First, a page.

SNOWSTORM POST MORTEM

An interesting snowstorm, with some aspects forecast correctly and others not.

On the plus side—

  • Precipitation amounts (QPF) were reasonably accurate and timing was pretty good.
  • Snow accumulations are always difficult to predict in March, but there were some official reports of snow totals in the 9-12 inch range at the upper end.  (Official NWS map shows totals were closer to forecast than I realized.)
  • Temperatures were accurately predicted at 32-33.

Interestingly, the Kuchera algorithm NAM snow totals and axis from last night was probably the most accurate!

What was off on the forecast—

  • The heavy snow axis was closer to I-95, not the far north and west as originally thought.  (This was captured by the NAM last night.)
  • Total snowfall was less than the 10:1 (16 inches max prediction)
  • Winds were much lighter (luckily) than had been expected.

I’m ready for spring!

 

Quick Snow Update 2PM

Well, the snow happened.  Current short range forecasts  (HRRR model ) show it ending in the Philadelphia and immediate surrounding areas between 4 and 6 PM.   An additional 4 inches of snow is possible in some areas near PHL from 2 PM until ending.

Here’s a doppler radar summary depiction of storm total QPF that has already fallen with this storm. (Water value in inches.)   It shows the precipitation maxima locations, which with this storm is not the same as the snowfall total maxima locations–  areas with the highest QPF in this storm likely had much of the early precip as rain.

Dopple Radar summary
Doppler Radar Storm precipitation summary, courtesy of WeatherTap.com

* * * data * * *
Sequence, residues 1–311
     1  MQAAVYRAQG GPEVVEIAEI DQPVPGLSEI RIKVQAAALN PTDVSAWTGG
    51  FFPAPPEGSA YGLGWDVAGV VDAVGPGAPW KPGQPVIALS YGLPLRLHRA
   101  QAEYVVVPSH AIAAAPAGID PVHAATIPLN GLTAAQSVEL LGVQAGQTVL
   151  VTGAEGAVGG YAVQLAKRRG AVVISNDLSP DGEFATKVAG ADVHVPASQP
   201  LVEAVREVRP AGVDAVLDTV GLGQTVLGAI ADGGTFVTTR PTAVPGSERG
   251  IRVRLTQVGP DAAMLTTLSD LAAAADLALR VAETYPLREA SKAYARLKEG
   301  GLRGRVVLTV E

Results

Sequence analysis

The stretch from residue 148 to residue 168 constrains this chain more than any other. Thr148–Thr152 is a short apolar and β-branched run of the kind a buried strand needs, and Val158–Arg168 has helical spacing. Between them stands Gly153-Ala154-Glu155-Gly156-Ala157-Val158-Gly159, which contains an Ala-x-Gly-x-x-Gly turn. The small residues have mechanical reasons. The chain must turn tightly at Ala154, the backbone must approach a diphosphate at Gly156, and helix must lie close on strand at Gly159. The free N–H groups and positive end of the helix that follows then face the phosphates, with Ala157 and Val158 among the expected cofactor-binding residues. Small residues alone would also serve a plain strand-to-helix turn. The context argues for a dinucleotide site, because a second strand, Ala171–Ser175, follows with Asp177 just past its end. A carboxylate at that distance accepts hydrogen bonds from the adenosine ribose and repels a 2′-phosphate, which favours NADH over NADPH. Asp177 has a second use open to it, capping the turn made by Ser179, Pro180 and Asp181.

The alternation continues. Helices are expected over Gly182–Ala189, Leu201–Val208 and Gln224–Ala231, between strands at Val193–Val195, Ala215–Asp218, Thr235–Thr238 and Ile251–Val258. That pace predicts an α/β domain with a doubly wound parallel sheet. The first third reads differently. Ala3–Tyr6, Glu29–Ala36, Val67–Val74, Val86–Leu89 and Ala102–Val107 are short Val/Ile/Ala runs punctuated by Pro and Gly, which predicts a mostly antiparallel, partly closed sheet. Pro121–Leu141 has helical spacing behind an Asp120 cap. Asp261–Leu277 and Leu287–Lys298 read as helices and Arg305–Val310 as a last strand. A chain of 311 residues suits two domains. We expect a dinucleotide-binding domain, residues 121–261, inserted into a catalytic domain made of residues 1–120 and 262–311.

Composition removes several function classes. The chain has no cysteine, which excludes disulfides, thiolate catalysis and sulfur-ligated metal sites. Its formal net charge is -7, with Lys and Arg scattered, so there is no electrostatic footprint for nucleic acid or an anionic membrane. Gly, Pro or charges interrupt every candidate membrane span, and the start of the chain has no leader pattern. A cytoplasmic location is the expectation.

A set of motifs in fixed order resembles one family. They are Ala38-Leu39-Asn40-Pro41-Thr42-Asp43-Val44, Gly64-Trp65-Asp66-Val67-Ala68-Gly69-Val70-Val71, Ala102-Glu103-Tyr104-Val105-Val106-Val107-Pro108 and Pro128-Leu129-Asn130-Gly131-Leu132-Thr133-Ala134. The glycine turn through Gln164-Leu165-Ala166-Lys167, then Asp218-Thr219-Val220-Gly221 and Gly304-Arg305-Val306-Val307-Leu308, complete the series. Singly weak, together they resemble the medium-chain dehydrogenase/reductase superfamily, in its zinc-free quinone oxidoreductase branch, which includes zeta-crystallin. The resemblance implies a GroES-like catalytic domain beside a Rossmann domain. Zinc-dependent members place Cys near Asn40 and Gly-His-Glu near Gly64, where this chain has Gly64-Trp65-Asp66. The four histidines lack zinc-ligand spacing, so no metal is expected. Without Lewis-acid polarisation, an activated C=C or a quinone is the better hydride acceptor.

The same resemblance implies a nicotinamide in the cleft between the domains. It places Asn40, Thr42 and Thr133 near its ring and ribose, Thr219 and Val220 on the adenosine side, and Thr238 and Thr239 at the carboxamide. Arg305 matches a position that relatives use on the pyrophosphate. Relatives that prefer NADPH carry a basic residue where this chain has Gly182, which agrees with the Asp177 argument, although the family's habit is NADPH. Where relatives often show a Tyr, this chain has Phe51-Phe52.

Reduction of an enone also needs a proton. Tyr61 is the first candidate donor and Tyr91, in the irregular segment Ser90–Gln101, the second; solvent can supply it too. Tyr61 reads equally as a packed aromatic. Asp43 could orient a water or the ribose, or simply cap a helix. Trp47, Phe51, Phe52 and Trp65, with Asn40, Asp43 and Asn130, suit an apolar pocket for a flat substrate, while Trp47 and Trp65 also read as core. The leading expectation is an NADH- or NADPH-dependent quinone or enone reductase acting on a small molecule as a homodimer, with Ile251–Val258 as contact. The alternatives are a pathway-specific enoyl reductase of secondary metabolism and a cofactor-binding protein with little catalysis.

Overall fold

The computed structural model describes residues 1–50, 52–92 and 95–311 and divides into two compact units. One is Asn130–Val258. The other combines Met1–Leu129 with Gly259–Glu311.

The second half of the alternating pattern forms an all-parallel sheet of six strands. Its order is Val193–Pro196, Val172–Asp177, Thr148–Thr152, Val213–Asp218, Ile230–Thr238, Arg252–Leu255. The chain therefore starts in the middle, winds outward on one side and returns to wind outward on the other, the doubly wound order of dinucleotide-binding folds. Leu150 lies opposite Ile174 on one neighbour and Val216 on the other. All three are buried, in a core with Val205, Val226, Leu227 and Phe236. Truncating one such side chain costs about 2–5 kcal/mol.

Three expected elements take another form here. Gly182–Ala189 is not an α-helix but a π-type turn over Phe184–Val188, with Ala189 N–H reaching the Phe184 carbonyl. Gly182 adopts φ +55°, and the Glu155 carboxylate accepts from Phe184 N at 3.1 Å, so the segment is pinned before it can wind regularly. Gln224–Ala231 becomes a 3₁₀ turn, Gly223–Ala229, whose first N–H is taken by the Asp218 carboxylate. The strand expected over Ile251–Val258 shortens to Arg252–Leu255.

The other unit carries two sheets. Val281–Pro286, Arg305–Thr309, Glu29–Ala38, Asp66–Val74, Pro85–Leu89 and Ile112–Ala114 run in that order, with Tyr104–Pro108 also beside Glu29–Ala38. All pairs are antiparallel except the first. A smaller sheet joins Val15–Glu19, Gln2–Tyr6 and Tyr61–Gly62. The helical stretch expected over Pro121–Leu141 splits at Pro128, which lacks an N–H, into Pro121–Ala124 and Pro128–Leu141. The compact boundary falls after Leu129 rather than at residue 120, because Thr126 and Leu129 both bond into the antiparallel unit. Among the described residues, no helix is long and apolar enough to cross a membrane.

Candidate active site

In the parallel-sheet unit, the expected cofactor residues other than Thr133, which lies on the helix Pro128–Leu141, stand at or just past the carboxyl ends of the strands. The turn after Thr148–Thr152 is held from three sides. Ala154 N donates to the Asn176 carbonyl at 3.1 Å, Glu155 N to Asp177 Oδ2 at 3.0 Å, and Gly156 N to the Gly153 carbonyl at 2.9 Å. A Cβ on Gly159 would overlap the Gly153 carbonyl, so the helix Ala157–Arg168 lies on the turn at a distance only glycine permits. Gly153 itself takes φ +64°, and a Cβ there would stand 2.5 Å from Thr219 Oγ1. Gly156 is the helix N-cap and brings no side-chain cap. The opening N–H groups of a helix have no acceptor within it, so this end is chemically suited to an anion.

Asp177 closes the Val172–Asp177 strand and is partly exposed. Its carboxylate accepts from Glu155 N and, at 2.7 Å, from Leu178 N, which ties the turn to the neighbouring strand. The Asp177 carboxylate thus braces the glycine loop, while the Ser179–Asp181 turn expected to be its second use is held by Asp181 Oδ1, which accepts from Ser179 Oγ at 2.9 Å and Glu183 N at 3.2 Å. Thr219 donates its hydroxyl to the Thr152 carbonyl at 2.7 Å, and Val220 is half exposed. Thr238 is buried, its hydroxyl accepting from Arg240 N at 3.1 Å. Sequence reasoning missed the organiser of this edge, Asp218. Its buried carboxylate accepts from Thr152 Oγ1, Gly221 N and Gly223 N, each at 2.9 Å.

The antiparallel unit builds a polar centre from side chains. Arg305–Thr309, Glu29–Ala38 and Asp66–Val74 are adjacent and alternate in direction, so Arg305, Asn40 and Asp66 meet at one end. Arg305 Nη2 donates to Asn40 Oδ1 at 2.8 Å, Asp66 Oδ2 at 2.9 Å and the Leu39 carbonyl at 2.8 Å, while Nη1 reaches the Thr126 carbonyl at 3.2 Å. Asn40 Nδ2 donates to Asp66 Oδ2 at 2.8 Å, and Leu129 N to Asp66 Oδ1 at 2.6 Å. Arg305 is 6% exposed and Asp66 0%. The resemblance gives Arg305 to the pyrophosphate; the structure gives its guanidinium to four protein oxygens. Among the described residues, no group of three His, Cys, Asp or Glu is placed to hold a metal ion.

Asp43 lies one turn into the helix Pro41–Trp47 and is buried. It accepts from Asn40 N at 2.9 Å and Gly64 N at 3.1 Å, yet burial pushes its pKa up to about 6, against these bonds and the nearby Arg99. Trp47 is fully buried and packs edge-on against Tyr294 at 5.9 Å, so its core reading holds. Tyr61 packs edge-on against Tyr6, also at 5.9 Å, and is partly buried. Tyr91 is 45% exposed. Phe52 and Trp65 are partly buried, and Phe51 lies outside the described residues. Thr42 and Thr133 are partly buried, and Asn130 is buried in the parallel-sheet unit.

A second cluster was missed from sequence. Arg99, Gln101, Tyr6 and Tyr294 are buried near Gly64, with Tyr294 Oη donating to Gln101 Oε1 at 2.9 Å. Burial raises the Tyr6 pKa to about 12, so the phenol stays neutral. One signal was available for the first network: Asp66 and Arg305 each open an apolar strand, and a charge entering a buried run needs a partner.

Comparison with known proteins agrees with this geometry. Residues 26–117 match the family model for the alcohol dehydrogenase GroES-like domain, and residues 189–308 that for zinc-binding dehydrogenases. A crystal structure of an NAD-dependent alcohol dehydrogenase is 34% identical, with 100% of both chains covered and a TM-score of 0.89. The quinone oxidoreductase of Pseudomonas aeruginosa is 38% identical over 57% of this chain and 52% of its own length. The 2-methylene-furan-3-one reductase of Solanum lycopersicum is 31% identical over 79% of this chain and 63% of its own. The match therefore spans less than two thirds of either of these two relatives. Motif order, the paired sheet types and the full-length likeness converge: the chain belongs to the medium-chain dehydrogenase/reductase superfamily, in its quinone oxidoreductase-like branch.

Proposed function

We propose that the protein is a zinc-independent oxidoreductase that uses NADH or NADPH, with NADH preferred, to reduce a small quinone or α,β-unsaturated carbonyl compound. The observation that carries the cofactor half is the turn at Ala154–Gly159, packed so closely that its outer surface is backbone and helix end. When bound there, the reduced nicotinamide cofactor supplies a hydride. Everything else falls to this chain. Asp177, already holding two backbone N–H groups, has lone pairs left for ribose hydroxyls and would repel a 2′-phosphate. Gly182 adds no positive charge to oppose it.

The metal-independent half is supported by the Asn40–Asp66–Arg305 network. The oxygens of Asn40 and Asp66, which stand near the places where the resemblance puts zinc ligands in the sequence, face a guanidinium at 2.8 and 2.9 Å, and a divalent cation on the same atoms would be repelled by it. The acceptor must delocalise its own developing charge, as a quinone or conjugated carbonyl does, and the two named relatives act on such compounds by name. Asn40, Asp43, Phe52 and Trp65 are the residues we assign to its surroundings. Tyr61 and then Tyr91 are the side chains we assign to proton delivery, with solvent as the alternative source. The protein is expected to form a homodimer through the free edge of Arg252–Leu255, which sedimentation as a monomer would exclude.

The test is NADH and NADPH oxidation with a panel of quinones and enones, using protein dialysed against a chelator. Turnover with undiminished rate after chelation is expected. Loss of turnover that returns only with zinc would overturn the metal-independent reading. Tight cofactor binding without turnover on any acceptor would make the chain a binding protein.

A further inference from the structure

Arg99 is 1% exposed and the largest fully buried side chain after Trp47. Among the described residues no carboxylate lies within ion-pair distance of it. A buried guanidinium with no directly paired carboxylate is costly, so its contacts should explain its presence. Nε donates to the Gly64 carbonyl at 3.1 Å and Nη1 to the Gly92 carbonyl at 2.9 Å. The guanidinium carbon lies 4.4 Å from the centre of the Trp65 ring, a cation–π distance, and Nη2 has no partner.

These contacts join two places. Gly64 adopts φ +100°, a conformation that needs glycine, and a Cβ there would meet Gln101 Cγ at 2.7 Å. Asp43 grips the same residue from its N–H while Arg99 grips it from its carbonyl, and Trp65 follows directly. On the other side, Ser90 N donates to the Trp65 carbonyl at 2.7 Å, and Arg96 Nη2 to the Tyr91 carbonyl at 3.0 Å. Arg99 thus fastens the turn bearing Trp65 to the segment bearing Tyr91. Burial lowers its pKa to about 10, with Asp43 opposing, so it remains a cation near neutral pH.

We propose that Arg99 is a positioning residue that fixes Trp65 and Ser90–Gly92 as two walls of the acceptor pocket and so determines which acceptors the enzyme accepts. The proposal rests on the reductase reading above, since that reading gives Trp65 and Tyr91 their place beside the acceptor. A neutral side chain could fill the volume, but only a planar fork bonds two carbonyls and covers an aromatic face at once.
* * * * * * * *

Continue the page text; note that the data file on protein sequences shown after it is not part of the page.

There’s still more snow to go.

One thing that the forecasts got wrong (luckily) was the winds and wind gust forecast.  The winds have been extremely light, avoiding the power line issues.  Hopefully it stays that way.  Current GFS LAMPS forecast has only light winds with no gusts tonight.  That said, wind forecasts are often  the least accurate part of a forecast. 

SO WHERE’S THE HEAVY SNOW?

Here, just northwest of the city limits, the precipitation has changed to rain with a pause in the action.  A lot has to happen to get to snow totals that the models have forecast!  Perhaps things have been a bit over-forecast?

This morning’s GFS model continues with the same scenario all the models have been forecasting; heavy precipitation with dynamic cooling to allow temperatures to drop and accumulations to occur.

HOWEVER, the GFS Kuchera snow algorithm makes this storm a bust—

Snow totals based on Kuchera
Latest GFS Snow totals based on the Kuchera algorithm!

As mentioned last night, I’m not big on the Kuchera snow algorithm; it tends to seriously underestimate snowfall in past storms.  (Last Friday’s storm had the Kuchera algorithm forecasting NO snow!)

Radar trends show a significant increase in precipitation rates in NJ, rotating westward into Pennsylvania.    Despite all forecast parameters as snow, things have to change soon for this forecast to not be a bust.  And as I type this, precipitation has changed back to snow!  So let’s see what happens.

BTW, here’s the latest HRRR (High Resolution Rapid Refesh) experimental forecast snow totals—

HRRR experimental
Experimental HRRR forecast snow accumulation from 12Z today